So, why the publicity spotlight now? Advancements in this technology permit a revolutionary new application that will forever alter how the food we love is made sustainably. While precision fermentation operated in the background as a supporting cast member in our food system until now, the new development of animal-free milk proteins has changed the game completely. It allows us to take animals entirely out of our foods, without sacrificing taste, functionality or nutrition. Precision fermentation is creating a new category of animal-free dairy. This truly is a food revolution.
How Does Precision Fermentation Work, Exactly?
When it comes to animal-free dairy, precision fermentation technology is used to produce bio-identical milk proteins like casein or whey, without involving a cow. Bio-identical means that the proteins are the same at the molecular level. Sounds cool, right? Here is how we do it.
Step One: Protein producing microbes are created. It is done by encoding milk protein DNA sequences from cow genes into microorganisms, like yeast or fungi. Once cow DNA was sequenced several years ago, we were able to copy the piece of code responsible for creating the exact milk protein from a digital database, without a single cow involved.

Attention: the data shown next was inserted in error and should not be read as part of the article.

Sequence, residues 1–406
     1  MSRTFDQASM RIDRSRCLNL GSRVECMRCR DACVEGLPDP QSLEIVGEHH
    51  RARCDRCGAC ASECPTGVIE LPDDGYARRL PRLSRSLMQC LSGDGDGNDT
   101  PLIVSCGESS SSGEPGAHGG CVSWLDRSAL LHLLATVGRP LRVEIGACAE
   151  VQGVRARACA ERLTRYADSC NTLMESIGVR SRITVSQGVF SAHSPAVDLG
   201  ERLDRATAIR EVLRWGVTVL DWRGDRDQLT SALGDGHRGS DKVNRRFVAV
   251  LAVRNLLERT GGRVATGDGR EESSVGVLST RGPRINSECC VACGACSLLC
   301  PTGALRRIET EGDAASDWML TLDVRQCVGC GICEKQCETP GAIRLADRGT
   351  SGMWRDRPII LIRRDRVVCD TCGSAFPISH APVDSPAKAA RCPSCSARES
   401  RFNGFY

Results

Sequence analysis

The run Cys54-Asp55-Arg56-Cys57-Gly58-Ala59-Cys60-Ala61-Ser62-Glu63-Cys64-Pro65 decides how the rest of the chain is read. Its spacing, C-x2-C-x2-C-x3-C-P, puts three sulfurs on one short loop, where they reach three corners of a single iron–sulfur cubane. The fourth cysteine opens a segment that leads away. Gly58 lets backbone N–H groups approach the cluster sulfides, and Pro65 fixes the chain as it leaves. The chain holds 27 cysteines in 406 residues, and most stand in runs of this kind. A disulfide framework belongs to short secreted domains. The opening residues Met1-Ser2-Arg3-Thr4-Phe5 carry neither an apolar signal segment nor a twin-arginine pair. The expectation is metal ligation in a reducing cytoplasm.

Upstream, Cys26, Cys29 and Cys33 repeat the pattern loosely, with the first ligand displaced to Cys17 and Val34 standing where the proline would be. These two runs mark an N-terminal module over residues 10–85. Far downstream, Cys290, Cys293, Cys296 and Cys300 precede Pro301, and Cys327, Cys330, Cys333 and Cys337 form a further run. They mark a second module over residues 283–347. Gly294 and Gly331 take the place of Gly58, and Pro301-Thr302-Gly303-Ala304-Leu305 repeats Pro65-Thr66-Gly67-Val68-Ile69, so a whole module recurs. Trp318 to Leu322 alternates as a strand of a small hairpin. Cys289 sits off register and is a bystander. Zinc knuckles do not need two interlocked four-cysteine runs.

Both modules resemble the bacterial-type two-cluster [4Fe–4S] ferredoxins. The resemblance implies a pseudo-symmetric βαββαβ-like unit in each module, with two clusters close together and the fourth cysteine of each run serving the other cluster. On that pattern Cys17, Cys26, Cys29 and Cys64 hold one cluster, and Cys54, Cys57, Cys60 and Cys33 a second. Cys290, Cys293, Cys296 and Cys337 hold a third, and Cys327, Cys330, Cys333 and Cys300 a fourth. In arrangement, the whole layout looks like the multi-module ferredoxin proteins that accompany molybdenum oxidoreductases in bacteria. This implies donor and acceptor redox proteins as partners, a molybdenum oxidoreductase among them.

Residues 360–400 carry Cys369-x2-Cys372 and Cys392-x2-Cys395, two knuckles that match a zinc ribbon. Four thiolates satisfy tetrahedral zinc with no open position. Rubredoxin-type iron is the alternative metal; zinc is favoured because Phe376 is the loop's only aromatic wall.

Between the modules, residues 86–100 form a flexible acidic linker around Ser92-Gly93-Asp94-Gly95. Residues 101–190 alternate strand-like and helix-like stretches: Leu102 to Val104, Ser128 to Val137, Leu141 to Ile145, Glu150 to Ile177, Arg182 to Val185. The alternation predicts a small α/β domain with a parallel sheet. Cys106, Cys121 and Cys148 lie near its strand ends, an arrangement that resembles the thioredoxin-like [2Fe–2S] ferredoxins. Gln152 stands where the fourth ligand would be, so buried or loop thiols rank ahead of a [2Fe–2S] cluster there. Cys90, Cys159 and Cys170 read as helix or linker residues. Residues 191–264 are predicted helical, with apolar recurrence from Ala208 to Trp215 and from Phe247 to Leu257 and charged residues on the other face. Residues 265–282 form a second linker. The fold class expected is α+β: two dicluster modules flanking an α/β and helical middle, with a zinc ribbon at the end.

Step Two: We ferment these special microbes in large fermentation tanks filled with nutrients and sugar, much like those used to brew beer. During the fermentation process, these unique microbes produce milk proteins, an identical twin to those found in cow’s milk.
Step Three: At the end of fermentation, our milk proteins are filtered into a pure milk protein isolate, producing a milk protein powder, just like animal-based whey powder you can buy at any grocery store today. This animal-free milk protein can be used to create our favorite dairy products such as cheese, yogurt and ice cream — without the climate impact of farming animals at a global scale.
The benefit of using precision fermentation is simple: produce the dairy products we love with a fraction of the carbon emissions, land, and freshwater use – and without the concentrated animal feedlot operations that the conventional dairy industry espouses. This means billions of people who consume dairy products each day can do so without leaving a significant environmental footprint.
Precision fermentation is an ideal solution to usher in the era of sustainable dairy because it provides a key ingredient to satisfy consumer expectations. Consumers will buy animal-free dairy foods if they are healthy, safe, affordable and, most importantly, delicious. The promise of ‘identical twin’ protein solutions made with precision fermentation means animal-free cheese and dairy products involve no compromise on eating experience. We are creating a brighter, better, more humane and planet-friendly food system.